Tuesday, November 11, 2008

Yours, Raymond

As letter-writing continues its inexorable march to the grave (or maybe it's already dead, and I just missed the funeral), it's equal parts joy and sadness to read great examples of the form. I own a few compilations of letters from literary figures, and my favorite might be the Selected Letters of Raymond Chandler. (I wish bookstores had Correspondence sections, because good volumes can be hard to come across. If any of you have strong recommendations, please list them in the comments section. Thanks.)

Here is Chandler writing to his publisher about an author photo for his next book:
I am reaching the age where it takes an artistic touch to make anything of me. The fellows who have this want too much money, and I doubt the importance of the cause. While I am compelled by weight of opinion, some of it expert, some frankly prejudiced, to admit being one of the handsomest men of my generation, I also have to concede that this generation is now a little seedy, and I with it.
And this is the funny start to a letter to Charles Morton, an editor at The Atlantic Monthly. (The person Chandler identifies as "Inkstead" was actually John Engstead.)
A man named Inkstead took some pictures of me for Harper’s Bazaar a while ago (I never quite found out why) and one of me holding my secretary in my lap came out very well indeed. When I get the dozen I have ordered I’ll send you one. THe secretary, I should perhaps add, is a black Persian cat, 14 years old, and I call her that because she has been around me ever since I began to write, usually sitting on the paper I wanted to use or the copy I wanted to revise, sometimes leaning up against the typewriter and sometimes just quietly gazing out of the window from a corner of the desk, as much as to say, “The stuff you’re doing’s a waste of my time, bud.” Her name is Taki . . . and she has a memory like no elephant ever even tried to have. She is usually politely remote, but once in a while will get an argumentative spell and talk back for ten minutes at a time. I wish I knew what she is trying to say then, but I suspect it all adds up to a very sarcastic version of “You can do better.”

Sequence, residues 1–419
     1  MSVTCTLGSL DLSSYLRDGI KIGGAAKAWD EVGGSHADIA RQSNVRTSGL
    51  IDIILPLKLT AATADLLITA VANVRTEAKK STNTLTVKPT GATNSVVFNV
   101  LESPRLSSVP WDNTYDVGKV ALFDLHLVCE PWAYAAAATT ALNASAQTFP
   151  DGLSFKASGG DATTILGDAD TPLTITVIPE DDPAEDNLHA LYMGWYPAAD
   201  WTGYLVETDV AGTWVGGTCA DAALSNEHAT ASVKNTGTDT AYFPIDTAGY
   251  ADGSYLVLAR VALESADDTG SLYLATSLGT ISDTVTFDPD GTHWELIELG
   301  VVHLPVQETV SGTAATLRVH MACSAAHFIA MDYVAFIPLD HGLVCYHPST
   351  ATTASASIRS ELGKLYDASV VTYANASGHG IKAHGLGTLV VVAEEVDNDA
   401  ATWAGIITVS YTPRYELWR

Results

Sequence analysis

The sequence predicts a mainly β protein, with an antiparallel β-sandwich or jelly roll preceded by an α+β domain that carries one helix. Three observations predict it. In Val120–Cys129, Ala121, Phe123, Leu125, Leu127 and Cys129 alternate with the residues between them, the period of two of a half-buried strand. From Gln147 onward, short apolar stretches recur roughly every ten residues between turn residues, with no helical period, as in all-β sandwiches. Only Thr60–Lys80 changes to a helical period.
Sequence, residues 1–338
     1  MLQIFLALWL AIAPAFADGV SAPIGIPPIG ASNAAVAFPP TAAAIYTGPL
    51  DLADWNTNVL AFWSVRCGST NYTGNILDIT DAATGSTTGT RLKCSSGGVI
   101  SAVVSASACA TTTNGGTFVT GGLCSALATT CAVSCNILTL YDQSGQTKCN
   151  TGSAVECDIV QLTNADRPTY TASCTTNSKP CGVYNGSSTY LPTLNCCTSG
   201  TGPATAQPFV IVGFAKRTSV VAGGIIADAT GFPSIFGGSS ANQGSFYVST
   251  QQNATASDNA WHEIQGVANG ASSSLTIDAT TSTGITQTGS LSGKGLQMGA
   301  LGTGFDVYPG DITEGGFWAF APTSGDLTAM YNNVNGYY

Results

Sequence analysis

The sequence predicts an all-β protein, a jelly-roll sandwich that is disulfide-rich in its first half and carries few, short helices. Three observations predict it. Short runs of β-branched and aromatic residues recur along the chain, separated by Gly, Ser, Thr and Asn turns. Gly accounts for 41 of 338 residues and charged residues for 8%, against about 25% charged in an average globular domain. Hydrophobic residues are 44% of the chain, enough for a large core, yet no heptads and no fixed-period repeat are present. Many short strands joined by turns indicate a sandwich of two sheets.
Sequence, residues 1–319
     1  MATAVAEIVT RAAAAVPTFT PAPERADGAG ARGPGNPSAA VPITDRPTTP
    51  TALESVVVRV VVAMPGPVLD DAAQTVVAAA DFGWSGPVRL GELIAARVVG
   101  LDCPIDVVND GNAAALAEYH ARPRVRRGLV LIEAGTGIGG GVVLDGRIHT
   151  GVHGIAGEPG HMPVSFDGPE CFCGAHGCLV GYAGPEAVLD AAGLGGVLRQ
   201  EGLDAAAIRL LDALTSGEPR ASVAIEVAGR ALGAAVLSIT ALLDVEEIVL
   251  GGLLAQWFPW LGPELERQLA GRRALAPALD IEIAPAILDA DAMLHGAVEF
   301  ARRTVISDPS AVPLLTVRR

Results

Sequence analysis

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2 Comments:

Blogger Yoknapatawpha Kid said...

Dear John,

this is a great entry on Chandler! We seem to focus so much on an author's books that their letters become the more undervalued aspect of their output; therefore, I always get a little tingle when I read such letters, due to the relative rarity in which I read such work.

My name is Peter Ricci, and I am a college student and writer who currently contributes to Too Shy to Stop, an upstart online magazine focused on culture and the arts.

I found you entry, as it would turn out, while doing research for my own essay on Chandler. I focus on some of the more remarkable characteristics of Chandler's work, especially his dialogue and use of symbolism.

If you have the time, check it out! I'd love for you to read it and comment.

http://tooshytostop.wordpress.com/2008/11/11/raymond-chandlers-chokehold-on-crime-fiction/

Sincerely,

Peter Ricci

9:32 PM  
Anonymous pf said...

In the category of remarkable correspondence: One of the first gifts my, um, husband gave me is Rilke's Letters to a Young Poet. You probably already know it, but I thought I'd throw it in the fray.

8:54 PM  

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